|کد مقاله||کد نشریه||سال انتشار||مقاله انگلیسی||ترجمه فارسی||نسخه تمام متن|
|353637||618935||2016||12 صفحه PDF||سفارش دهید||دانلود رایگان|
• While self-repairs were made in both types of speech, preschoolers made more self-repairs in social than private speech.
• Most private speech self-repairs were task-action relevant; social speech self-repairs were distributed across categories.
• High numbers of private speech immediate repairs suggests more pre-production private speech monitoring.
• Developmental differences between 3- and 4-year-olds emerged in the speech content of self-repairs.
• Findings have implications for how children use speech to regulate behavior and for how speech awareness develops.
When individuals correct their own speech, it is often assumed they are doing so for the benefit of others’ comprehension. As such, most of the research exploring speech repairs, especially among young children, has been conducted with social speech (between two or more people) and little with private speech (speech directed toward the self). In the present study, we explore social and private speech errors and self-repairs from 27 3- and 4-year-old preschoolers who completed a selective attention task and a Lego construction task with and without an involved experimenter. Timing (immediate, delayed) and relevance to task (irrelevant, relevant, action relevant) of self-repairs were compared, and developmental trends were explored. Findings indicated preschoolers made errors and repairs in both private and social speech, though more so in social than private speech. In social speech, there were nearly equal numbers of delayed and immediate repairs suggesting both pre- and post-production monitoring when speaking for a listener. In private speech, there were significantly higher numbers of immediate repairs than delayed repairs suggesting more pre-production monitoring when speaking for the self. Though fewer in number, the presence of delayed self-repairs in private speech indicated some post-production monitoring of private speech. Delayed private speech self-repairs from 4-year-olds were almost exclusively in task-action-relevant speech, while delayed private speech self-repairs from 3-year-olds were mostly in task-relevant speech. Developmental changes in private speech use and awareness of speech during preschool are discussed as possible explanations for these trends. Implications for practice are also provided.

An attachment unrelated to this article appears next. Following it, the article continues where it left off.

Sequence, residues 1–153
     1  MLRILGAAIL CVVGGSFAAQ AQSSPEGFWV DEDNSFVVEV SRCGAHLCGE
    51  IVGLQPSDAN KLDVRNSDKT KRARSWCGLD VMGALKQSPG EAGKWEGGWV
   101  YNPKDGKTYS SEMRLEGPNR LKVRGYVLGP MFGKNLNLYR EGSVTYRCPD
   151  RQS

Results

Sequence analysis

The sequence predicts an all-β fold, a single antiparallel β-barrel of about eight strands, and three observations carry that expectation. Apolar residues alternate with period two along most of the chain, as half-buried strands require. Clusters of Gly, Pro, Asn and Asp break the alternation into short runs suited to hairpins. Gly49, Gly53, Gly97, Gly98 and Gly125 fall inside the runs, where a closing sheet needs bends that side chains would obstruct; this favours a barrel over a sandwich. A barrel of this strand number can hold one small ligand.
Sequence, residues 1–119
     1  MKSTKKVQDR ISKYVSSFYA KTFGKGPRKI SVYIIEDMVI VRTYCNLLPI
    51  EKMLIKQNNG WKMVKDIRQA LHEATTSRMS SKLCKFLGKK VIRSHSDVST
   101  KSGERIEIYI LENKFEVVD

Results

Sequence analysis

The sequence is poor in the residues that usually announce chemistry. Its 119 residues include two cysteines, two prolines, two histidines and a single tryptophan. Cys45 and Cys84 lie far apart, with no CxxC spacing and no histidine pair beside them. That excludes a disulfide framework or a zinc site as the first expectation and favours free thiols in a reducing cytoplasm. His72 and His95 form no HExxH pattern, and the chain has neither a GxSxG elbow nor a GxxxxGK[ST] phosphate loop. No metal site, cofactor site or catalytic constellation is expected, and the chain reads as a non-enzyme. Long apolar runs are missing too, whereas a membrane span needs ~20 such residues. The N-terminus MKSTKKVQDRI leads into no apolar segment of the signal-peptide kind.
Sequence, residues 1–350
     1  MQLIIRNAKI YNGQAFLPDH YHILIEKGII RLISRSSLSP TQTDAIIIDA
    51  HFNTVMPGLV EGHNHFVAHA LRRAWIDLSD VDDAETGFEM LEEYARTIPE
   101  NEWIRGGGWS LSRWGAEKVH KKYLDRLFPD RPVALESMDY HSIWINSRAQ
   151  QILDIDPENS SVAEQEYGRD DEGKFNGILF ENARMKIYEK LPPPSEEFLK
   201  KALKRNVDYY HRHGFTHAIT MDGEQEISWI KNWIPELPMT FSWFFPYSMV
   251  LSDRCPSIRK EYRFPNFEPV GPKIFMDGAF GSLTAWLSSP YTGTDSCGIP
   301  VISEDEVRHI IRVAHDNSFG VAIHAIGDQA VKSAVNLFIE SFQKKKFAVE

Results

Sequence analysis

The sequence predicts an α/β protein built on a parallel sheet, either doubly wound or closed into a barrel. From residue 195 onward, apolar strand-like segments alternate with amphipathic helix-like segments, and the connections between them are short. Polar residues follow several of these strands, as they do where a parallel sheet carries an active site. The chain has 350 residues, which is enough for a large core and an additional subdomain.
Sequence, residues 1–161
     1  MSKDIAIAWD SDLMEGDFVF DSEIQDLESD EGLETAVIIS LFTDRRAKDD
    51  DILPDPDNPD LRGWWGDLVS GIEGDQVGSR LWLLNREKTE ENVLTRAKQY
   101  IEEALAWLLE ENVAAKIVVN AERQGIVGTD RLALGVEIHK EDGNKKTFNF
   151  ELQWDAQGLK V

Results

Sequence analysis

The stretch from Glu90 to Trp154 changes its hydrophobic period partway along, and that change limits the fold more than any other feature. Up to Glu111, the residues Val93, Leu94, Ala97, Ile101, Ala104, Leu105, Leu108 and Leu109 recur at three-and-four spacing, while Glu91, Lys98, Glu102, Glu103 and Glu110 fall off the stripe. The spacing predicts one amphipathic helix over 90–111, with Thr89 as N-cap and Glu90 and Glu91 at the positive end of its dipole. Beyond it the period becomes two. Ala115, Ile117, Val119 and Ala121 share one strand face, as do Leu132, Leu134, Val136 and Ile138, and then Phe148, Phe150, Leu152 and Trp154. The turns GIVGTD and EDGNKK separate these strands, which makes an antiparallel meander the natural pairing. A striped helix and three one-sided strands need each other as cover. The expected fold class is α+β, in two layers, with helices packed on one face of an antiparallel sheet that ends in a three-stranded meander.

Journal: Early Childhood Research Quarterly - Volume 37, 4th Quarter 2016, Pages 94–105